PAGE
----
Sketches of Sound
Even before listening, one should give a wink to Guillaume Muller for the word play of the album title, playing off one of Miles Davis’ many great records. Guitarist Muller is a relative newcomer to the NYC jazz scene beginning in 2016. This is his debut as a leader and he has a quintet consisting of alto saxophonist Nino Wenger, pianist Jim Funell, upright bassist Gui Duvgnau and drummer Josh Bailey. It’s a mix of six originals and one standard. Some are done in a trio format with just guitar, bass and drums while others feature the quintet. Muller is a fluid, lyrical guitarist, likely an emerging star in NYC for both his playing and composing. The tender, somewhat bluesy nature of his playing sets him apart.
Muller was born and raised in Paris and began playing the guitar as a teenager. He moved to Boston in 2012, graduating from the Berklee School of Music in 2015. He’s been playing and teaching in NYC since, in addition to earning his Master degree in Jazz Studies form NYU Steinhardt.
Muller begins unaccompanied on “Lullaby for a Capybara,” a peaceful jazz waltz that keeps building in intensity as other players join. The important words in that sentence are ‘peaceful’ which largely describes the tone of the album and ‘intensity’ which is mostly of the quiet caliber. To be a little more accurate, the album does breathe more intensely as it unfolds. Hearty toned altoist Wenger takes the lead on post -bop “Brains” which has some bossa nova flavor before becoming more straight ahead, beginning with Muller’s swinging solo. “Blue Ballad” begins in the melancholy mode but has some surprising Monk-like passages toward the end. This is one of the nice aspects of Muller’s compositions – there are several changes within, and the end of the piece often sounds much different than its inception.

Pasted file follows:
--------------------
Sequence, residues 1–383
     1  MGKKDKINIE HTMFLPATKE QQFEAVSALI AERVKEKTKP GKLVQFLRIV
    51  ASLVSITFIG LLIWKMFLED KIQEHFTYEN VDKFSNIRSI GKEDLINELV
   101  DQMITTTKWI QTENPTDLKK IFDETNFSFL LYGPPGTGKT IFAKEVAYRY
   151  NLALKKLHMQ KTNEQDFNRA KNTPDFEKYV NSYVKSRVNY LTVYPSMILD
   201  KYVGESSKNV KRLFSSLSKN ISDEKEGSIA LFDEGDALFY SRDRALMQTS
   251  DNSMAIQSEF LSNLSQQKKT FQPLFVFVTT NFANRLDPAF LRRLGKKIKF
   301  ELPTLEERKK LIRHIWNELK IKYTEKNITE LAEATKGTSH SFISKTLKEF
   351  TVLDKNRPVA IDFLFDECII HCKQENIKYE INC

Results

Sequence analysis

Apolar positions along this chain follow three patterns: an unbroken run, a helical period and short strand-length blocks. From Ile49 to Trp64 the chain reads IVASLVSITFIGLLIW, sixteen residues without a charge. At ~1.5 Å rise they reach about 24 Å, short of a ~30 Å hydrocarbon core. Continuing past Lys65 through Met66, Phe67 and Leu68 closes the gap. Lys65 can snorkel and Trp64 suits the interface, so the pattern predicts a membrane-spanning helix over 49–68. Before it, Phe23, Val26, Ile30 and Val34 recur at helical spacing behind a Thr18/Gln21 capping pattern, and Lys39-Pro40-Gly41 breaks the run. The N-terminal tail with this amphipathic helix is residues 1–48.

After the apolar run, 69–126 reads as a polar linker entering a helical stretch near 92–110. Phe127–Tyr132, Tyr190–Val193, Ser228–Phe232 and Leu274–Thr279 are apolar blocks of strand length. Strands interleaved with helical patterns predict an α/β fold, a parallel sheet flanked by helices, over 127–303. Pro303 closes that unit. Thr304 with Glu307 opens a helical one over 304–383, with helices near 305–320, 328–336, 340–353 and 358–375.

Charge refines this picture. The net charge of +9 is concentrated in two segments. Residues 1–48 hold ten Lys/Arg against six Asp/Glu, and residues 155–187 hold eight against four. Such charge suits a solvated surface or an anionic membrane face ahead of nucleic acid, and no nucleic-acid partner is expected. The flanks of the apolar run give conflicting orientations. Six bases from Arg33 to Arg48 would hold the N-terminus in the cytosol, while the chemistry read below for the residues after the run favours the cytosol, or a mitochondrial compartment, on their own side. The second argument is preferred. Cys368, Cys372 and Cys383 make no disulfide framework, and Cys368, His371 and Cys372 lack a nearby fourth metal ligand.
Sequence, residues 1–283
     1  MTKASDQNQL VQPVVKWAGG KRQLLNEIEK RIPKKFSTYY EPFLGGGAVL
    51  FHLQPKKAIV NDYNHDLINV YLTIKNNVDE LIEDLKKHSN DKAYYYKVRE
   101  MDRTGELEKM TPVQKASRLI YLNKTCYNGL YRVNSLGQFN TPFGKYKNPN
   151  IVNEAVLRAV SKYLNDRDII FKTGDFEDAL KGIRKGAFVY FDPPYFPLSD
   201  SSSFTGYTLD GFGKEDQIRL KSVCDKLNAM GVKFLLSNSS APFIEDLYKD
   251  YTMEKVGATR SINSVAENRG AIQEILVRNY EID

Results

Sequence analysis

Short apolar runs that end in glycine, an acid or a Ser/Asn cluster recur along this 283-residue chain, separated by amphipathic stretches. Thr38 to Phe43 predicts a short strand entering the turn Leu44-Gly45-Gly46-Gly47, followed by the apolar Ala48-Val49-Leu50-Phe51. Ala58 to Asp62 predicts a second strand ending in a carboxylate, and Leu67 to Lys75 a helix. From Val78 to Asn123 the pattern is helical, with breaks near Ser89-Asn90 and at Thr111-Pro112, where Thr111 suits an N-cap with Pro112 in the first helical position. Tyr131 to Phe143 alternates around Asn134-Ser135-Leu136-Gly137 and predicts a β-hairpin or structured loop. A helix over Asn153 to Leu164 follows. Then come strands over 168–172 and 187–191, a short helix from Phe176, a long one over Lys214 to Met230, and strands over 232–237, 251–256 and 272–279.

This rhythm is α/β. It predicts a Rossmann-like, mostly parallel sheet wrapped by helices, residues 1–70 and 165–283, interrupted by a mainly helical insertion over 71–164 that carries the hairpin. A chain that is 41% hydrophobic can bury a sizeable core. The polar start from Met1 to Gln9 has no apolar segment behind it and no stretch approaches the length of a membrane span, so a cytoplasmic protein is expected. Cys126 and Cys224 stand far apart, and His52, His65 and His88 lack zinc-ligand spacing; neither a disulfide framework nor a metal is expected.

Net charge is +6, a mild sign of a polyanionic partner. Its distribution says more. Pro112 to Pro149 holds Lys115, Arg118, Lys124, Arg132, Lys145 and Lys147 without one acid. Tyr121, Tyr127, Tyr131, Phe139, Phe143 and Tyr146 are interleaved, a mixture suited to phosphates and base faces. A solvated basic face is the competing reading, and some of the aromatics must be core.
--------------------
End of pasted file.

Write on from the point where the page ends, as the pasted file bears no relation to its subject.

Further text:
“Flying Bison” is the edgiest, most unpredictable tune (yes, this one has a bit more intensity) on the disc and features some of the strongest solos while Bailey’s drumming is especially impressive as well. “The Loop” has some infectious melodic ensemble sequences and heated dialogues between Muller and Wenger. The standard “Alone Together” is slowed down beyond its usual tempo and features strong conversations between Muller, bassist Duvgnau and drummer Bailey between the highlylyrical closing and opening statements from Wenger. As one might guess from the name, “Stable Table” is based on the harmonic progression of Benny Golson’s “Stablemates” but has a new melody and a nice, medium-tempo post bop groove.
Keep your eye on Guillaume Muller. He’s going places.
- Jim Hynes